It was easy to tell that Max Elliot Anderson knows the hearts and minds of young boys. The characters, Sam, Tony and Tyler, were typical all-American, adventure-seeking, conclusion-leaping boys full of curiosity and impatience, yet each has his own distinct personality. I highly recommend this book to all adventure-loving (especially pirate-adventure loving) 8 to 11 year old boys or girls.
As an adult I appreciated the way Bible verse and Bible precepts were embedded in the story without being tract-like or preachy. Any kid could read this book and get the message without realizing s/he’d just sat through a Sunday School lesson. Everything fit and flowed and the story was paramount.
There is a prequel to this book which I hadn’t read. It did not impede my understanding of the story, but it might give some pause to younger, less experienced readers. The best way to avoid this is to buy Lost Island Smugglers as well.
***Special thanks to Chila Woychik of Port Yonder Press for sending me a review copy.***
Mr. Anderson was a producer of the nationally televised PBS special, Gospel at the Symphony that was nominated for an Emmy, and won a Grammy for the double album soundtrack. He won a best cinematographer award for the film, Pilgrimâ€™s Progress, which was the first feature film in which Liam Neeson had a staring role.
He has produced, directed, or shot over 500 national television commercials for True Value Hardware Stores. Mr. Anderson owns The Market Place, a client-based video production company for medical and industrial clients. His productions have taken him all over the world including India, New Guinea, Europe, Canada, and across the United States.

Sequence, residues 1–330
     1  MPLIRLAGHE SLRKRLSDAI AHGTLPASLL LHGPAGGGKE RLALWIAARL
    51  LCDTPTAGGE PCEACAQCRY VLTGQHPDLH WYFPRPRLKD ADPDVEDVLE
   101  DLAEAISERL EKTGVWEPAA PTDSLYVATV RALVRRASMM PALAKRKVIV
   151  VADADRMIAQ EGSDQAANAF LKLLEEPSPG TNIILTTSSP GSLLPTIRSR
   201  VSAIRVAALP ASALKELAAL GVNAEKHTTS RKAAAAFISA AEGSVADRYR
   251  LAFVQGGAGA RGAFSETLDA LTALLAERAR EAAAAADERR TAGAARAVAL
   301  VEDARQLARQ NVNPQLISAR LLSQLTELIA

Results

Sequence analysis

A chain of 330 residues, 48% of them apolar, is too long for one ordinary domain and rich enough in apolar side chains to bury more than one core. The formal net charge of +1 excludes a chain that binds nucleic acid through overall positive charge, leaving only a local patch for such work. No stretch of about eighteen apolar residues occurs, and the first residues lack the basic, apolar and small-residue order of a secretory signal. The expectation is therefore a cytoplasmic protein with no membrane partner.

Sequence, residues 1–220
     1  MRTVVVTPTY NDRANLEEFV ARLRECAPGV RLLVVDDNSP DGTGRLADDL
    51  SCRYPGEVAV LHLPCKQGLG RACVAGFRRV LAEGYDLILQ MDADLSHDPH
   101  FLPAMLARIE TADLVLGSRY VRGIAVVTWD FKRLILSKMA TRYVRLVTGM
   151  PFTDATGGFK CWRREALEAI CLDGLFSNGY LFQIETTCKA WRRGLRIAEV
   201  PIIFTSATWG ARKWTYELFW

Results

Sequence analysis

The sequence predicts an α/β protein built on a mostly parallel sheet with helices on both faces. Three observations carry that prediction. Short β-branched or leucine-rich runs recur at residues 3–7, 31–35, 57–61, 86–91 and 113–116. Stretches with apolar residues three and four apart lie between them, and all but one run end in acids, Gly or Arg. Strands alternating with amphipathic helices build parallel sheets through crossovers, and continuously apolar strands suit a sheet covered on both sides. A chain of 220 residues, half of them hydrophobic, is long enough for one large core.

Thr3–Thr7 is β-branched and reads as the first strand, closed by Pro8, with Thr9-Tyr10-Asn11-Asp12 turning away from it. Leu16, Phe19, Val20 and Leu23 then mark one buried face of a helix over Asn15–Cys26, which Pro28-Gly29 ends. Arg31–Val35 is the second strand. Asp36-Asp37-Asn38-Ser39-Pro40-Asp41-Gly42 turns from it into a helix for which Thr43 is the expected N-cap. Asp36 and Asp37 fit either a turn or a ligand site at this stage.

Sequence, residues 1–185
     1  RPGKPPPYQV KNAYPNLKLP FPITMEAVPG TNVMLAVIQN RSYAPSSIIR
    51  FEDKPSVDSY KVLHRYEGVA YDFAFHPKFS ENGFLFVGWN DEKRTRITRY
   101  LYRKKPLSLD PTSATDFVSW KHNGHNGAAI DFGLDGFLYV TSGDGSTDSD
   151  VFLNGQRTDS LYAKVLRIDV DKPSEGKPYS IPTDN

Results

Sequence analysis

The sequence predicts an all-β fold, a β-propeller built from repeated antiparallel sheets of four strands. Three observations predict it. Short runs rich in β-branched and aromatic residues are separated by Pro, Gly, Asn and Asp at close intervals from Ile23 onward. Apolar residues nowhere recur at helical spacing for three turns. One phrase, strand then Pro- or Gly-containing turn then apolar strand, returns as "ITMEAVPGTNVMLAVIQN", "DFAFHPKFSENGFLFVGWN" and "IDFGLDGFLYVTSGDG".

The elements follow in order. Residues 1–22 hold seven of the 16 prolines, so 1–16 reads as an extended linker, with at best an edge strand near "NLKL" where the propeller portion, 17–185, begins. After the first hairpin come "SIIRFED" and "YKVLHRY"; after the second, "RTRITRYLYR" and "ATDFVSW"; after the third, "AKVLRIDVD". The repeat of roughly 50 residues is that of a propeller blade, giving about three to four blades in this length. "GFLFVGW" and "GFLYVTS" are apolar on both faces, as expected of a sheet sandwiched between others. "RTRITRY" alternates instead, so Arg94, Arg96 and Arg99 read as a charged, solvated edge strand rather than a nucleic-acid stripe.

Using his extensive experience in the production of motion pictures, videos, and television commercials, Mr. Anderson brings the same visual excitement and heart-pounding action to his stories.
Each book has completely different characters, setting, and plot. Young readers have reported that reading one of Mr. Andersonâ€™s books is like being in an exciting or scary movie.
For his birthday, he received the gift of his dreams. Itâ€™s the latest, top-of-the-line, metal detector. Along with his friends, Tony, and Tyler, all are convinced that they will be the ones to dig up the next great find.
They meet a crusty sea captain named Jack. Heâ€™s fixing up an impossible looking old tub. The boys believe itâ€™s going to be used to search for treasure at sea. They get permission from their parents to help with the restoration job in the hopes that Captain Jack will share his wealth.
When Samâ€™s father nearly dies, from a heart attack, the true values of life take on new importance and meaning.
What is Captain Jackâ€™s mysterious secret? And what is he really planning to do with that boat?
Readers will gain a new appreciation for family, they will learn about the dangers of greed, and oh the stories Captain Jack can tell.
Catching the smugglers out on Lost Island was all that people around Harperâ€™s Inlet could talk about for weeks. Everyone wanted to know which three brave boys had been involved. Sam, Tony, and Tyler werenâ€™t allowed to tell anyone about the mystery. The FBI told them to keep it to themselves for their safety. They had become heroes, yet no one knew their names.